In thankfully vivid contrast, Pirates of the Caribbean: On Stranger Tides is quite a good film. It's also a very odd film, in addition to being the only Disney film I know of where the protagonist a syphilis lesion on his face (or at least that's what Johnny Depp claims the sore is), it's also significantly more brutal than the previous films. Back in the 80s, I read and loved Tim Powers' novel On Stranger Tides and it's my second favorite of his novels (after Last Call). I can also definitely say that with the exception to two brief, but lovely visuals, this film has absolutely nothing to do with that novel. Yes, both are about a journey to the fountain of youth, but the fountain, and everything else are all very, very different. If you see a nifty concept in the film, it came from the people working on the film, not the novel, they are impressively unrelated. It was also a good, if somewhat odd film. Captain Jack Sparrow's motivation was pretty darn murky, but everything else worked fairly well. No, where were not enough women or people of color in the film, but it was fun fluff and avoided being stupid. On to Mage: The Ascension musings: )
heron61: (Default)
A bit over a month ago, I started hearing more about the tv series Glee, mostly surrounding a continuing storyline about two young queer men who become involved, which is not something one sees much of on US TV, and especially not on a major station like Fox. I'd heard a bit about the show before, but hadn't been interested, and in looking into more about the show, I also ran into comments about how the storyline with those two characters was excellent (and in fact based on the teenage experiences of one of the writers), but the rest of the show was rather meh, and so I put it on a mental list of shows to check out someday. Today, there was a Glee marathon, and Becca and I watched around half an episode.

Sadly, for me, that was it for any thoughts of watching the show. I was unhappy with exactly how much of a soap opera it was, and that it seemed solely a soap opera, rather than (like similar shows that I tend to like) having both soap operaesque personal relationship plots and other sorts of plots – good examples being both The Vampire Diaries (which is shockingly excellent), and Hellcats (which I quite liked and was sadly canceled recently).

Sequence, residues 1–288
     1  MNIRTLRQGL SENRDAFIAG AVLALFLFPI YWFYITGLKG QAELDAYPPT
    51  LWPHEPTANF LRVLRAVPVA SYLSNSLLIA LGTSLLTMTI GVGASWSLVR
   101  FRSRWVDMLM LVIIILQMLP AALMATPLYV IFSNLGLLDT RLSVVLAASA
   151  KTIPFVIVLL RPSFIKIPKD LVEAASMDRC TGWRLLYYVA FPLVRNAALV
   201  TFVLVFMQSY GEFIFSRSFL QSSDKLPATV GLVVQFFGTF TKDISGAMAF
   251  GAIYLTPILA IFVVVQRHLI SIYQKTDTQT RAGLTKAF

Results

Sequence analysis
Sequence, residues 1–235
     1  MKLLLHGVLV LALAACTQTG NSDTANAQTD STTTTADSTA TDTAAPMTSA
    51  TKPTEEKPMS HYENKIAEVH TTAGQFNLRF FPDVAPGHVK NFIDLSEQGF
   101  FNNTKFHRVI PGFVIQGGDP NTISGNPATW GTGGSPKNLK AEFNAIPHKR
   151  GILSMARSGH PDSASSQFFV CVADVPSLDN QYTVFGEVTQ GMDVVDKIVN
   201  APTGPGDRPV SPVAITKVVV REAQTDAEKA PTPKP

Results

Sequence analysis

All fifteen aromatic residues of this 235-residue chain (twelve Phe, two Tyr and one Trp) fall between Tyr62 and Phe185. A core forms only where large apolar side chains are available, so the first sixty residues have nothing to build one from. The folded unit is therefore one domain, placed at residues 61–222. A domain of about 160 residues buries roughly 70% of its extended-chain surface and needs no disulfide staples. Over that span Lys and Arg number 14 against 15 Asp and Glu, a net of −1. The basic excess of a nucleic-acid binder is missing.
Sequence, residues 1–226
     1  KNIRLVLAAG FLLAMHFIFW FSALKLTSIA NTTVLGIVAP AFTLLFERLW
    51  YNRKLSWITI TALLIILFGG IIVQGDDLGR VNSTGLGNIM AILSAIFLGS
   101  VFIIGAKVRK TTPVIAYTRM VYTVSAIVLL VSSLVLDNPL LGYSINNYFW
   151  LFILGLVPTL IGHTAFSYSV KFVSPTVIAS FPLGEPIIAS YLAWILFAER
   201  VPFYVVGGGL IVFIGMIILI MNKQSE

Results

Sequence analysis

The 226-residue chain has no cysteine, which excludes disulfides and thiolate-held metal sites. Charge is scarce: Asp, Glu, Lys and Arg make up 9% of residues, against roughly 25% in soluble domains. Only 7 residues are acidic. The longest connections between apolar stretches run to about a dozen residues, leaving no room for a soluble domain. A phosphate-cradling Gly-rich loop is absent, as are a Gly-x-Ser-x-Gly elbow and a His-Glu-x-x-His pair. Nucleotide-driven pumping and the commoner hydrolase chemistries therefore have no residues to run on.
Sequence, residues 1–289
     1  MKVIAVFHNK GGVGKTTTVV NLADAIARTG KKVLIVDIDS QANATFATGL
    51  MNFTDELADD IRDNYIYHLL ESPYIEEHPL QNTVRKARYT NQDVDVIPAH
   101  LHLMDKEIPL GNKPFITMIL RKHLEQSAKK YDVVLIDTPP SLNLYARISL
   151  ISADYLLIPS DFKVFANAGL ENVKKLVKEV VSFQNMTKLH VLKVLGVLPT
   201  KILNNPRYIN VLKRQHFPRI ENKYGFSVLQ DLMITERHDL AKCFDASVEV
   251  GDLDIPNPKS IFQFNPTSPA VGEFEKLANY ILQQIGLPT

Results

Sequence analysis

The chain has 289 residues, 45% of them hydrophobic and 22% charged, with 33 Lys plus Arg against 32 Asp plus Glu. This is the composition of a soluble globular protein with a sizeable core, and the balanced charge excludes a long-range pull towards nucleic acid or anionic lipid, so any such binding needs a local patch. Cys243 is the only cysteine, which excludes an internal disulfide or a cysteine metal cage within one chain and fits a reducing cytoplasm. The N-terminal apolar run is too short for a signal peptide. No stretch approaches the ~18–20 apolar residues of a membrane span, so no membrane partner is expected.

So, my interest was already waning, but I was still potentially interested, until I saw some of what I can only describe as the highly stylized "quirky" parts, with several utterly ludicrous minor characters. I honestly cannot watch shows with such elements, and was immediately reminded of the only other example that I've seen (which was admittedly considerably more extreme), a truly bizarre show called Pushing Daisies, which had an extreme stylization (often described by people who liked it as either "storybook-like" or "quirky"). While not (to me) as cringe-worthy as Pushing Daisies, at this point I simply lost all interest Glee, which is a shame, since the plotline with Kurt & Blaine looked interesting, but I simply couldn't handle some of the rest of the show at all.

I suspect that it's both a combination of a seriously dislike for that sort of stylization, and also the fact that what I've seen of this sort of stylization has been in the service of comedy, and any movie or TV show (other than a few old movies made before the 1960s) that heads too much in the direction of comedy drastically turns me off. Buffy and Angel were (to me) on the correct side of the comedy/drama line, but something about Glee isn't - or it may simply be that I dislike the stylization too much to enjoy the show and assume that it's being done for comedic effect - I remain utterly baffled as to why anyone would deliberately choose to create stories using those stylizations. The sort of somewhat surreal comedic stylization found in both Pushing Daisies & Glee seems at least moderately popular, but I simply do not understand the appeal of this approach to storytelling, well beyond my dislike of much modern comedy.